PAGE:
READING IN 7Q5
One of the problems against the identification of 7Q5 with the Gospel of
Mark is a peculiar variant reading: the omission of the entire sentence
“epi ten gen.”
Stichometry is the calculation of the
average number of letters for each line of a manuscript. The tendency of
scribes was to keep the number of letters for each line uniform. In our
case it can prove to be essential in order to confirm the identification
of such a small fragment like 7Q5. If it is, as we have argued, the
surviving portion of a scroll containing the entire Gospel of Mark we
should find a plausible stichometry.
The numbers of letters for each line
calculated by O’Callaghan were: 20/23/20/21/21. This works only if we
omit ἐπὶ τὴν γῆν.
7Q1 and 7Q2 are the only two manuscripts of
cave 7 which have been officially identified.
Their stichometry is the following.
The stichometry of 7Q5 calculated by O’Callaghan perfectly aligns with
those of 7Q1 and 7Q2. This is further evidence of the identity of the
fragment 7Q5. And it weights much more than the necessary omission of
the words ἐπὶ τὴν γῆν. This must be made clear.
What are the possible explanations for a short text of Mark 6:52-53 at
such an early date?
First, it can be useful to compare various translations of the passage.
"And when they had passed over, they came into the land of Gennesaret,
and drew to the shore. " (King James Version)
"When they had crossed over, they came to the land of Gennesaret and
anchored there." (New King James Version)
"And when they had crossed over, they came to the land unto Gennesaret,
and moored to the shore " (American Standard Version)
"et cum transfretassent pervenerunt in terram Gennesareth et
adplicuerunt" (Latin Vulgate)
"And when they had crossed over, they came to land at Gennesaret, and
moored to the shore." (Revised Standard Version)
"When they had crossed over, they landed at Gennesaret and anchored
there." (New International Version)
The original Greek text of some relevant critical editions is the
"Καὶ διαπεράσαντες ἐπὶ τὴν γῆν ἦλθον εἰς Γεννησαρὲτ καὶ προσωρμίσθησαν."
(Westott & Hort - Nestle-Aland - United Bible Societies - Tischendorf)
"Καὶ διαπεράσαντες ἦλθον ἐπὶ τὴν γῆν Γεννησαρὲτ" (Majority Text, Farstad
"Καὶ διαπεράσαντες ἀπῆλθον ἐπὶ τὴν γῆν Γεννησαρὲτ καὶ προσωρμίσθησαν."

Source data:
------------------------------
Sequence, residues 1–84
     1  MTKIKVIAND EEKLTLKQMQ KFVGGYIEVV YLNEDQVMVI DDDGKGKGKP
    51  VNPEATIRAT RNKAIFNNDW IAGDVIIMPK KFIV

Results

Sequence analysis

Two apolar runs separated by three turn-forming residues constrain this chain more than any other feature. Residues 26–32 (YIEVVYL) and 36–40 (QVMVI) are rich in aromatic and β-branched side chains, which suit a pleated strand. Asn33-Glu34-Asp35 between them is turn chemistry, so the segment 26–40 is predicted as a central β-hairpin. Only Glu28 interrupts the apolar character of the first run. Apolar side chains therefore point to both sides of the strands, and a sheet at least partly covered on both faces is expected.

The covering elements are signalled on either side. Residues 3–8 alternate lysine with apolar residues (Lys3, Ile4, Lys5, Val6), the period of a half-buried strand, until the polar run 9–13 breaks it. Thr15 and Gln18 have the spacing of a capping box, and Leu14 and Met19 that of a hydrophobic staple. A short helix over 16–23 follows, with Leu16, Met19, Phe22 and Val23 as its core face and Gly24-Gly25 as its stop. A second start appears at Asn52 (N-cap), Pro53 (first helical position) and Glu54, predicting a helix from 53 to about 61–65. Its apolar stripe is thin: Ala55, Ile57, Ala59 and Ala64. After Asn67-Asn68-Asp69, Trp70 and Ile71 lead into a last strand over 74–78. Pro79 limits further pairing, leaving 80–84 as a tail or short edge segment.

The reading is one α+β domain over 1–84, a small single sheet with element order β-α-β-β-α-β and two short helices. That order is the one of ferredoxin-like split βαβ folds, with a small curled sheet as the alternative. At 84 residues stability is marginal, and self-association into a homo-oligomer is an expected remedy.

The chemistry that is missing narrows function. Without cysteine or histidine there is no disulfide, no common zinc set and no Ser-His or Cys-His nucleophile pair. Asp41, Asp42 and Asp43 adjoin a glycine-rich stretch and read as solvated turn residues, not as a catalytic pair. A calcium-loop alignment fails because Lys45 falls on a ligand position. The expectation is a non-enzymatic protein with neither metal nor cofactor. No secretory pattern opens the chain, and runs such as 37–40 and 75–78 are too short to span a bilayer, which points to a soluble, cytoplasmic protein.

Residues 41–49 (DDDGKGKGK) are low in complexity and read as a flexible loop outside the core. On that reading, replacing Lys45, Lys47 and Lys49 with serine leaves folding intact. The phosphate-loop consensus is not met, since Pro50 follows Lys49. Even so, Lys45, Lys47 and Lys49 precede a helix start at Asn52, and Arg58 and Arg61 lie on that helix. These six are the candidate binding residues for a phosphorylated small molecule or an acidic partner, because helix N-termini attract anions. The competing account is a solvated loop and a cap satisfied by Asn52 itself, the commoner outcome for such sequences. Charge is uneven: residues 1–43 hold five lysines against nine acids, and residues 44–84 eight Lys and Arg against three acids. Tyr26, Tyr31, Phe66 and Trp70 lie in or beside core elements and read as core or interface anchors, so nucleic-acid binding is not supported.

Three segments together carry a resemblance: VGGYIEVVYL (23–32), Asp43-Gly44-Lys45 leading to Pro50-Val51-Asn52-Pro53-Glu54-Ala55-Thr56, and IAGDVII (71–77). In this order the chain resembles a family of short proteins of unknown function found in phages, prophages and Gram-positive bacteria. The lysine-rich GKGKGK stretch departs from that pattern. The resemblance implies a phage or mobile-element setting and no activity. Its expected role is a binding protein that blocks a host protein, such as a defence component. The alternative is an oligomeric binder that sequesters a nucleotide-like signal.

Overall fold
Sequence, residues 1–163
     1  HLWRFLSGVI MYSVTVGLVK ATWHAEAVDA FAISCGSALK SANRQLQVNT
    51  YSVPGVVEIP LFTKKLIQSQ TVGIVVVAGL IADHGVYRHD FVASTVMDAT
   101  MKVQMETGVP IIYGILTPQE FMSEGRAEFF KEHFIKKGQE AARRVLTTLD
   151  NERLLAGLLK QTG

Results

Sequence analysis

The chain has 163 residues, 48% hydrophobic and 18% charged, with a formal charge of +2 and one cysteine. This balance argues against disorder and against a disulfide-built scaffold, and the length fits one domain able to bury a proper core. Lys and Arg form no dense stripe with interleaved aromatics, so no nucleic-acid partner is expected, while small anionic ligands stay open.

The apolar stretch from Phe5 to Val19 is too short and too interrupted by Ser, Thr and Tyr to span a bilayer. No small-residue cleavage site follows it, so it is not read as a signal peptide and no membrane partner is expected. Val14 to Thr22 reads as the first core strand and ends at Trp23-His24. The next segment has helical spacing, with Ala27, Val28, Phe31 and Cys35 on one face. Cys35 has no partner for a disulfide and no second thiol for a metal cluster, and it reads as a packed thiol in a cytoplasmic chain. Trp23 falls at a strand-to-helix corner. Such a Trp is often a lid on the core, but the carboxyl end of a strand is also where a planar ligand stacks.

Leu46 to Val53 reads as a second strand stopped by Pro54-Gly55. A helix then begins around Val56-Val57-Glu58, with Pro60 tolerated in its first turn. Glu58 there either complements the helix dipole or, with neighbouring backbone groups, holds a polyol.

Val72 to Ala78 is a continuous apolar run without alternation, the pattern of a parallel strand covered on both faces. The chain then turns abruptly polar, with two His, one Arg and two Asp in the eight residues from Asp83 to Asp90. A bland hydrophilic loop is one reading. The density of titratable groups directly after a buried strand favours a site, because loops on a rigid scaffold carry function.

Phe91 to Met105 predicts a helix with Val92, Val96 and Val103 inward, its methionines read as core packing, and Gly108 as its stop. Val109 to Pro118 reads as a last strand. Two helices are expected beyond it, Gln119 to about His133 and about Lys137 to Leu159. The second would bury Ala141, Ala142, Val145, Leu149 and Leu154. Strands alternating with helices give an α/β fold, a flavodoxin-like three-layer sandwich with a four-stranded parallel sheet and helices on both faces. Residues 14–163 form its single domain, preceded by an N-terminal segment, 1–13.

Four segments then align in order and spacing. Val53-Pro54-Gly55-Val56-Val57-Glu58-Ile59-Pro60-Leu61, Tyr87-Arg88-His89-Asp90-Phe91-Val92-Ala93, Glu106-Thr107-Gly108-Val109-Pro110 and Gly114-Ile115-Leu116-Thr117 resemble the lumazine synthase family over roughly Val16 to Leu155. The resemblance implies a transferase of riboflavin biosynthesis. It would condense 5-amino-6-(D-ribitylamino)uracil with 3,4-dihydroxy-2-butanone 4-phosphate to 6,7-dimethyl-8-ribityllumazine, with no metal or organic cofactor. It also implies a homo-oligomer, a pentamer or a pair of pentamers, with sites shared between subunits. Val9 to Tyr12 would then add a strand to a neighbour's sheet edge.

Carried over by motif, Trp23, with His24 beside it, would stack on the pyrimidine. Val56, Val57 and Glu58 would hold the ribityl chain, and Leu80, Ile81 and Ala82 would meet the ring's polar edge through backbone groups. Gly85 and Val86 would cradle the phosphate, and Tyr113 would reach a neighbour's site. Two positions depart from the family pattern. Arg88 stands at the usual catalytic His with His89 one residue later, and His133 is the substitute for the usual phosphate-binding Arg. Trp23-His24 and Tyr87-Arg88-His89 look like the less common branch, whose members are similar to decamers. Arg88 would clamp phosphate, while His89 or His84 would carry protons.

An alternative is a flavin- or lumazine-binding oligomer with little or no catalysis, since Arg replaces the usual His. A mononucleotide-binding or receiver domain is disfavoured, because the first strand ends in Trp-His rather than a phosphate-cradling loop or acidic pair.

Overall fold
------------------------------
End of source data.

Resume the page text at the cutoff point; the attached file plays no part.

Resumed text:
(Text of the Greek Orthodox Church)
Evidence in favor of the reading of the so called Standard Text (N-A,
UBS) is found in Vatican Codex, Sinaiticus, L and 33.
My preference for the Majority text has been motivated in my book and I
don’t see any reason to change my approach in this specific passage of
If we give for granted the identification with Mark, we can say that 7Q5
is the oldest and only New Testament manuscript to support the omission
of the three words: "ἐπὶ τὴν γῆν".
In fact, the 7Q5 (Mark) reading is:
“Καὶ διαπεράσαντες ἦλθον εἰς Γεννησαρὲτ.”
The reasons to explain the “short” reading given by professor Thiede are
plausible. He believes that the Gospel of Mark was written before 50 AD.
In those days the simple reference to Gennesaret must have been
sufficient to the reader to let him know the author was speaking of the
town bearing that name. Always according to Thiede, about twenty years
later the Romans destroyed the city and temple of Jerusalem and brought
general destruction in Israel. After that catastrophic event, the
addition (“to the land”) might have been necessary in the gospel in
order to avoid confusion in the reader’s mind between the city and the
lake of Gennesaret.
Thiede’s theory is perfectly aligned with some statistics I personally
If we omit “ἐπὶ τὴν γῆν”, Gennesaret is preceded in the Greek original
by the simple preposition "εἰς" – at least if we follow the “Standard
Text” edited by Kurt Aland.
In Mark (1:21, 2:1, 8:22, 9:33, 10:33, 10:46, 11:1, 11:11, 11:15, 11:27,
15:41) εἰς invariably precedes the name of a town.
In Mark 1:14 εἰς is followed by the article τὴν gives name to an area,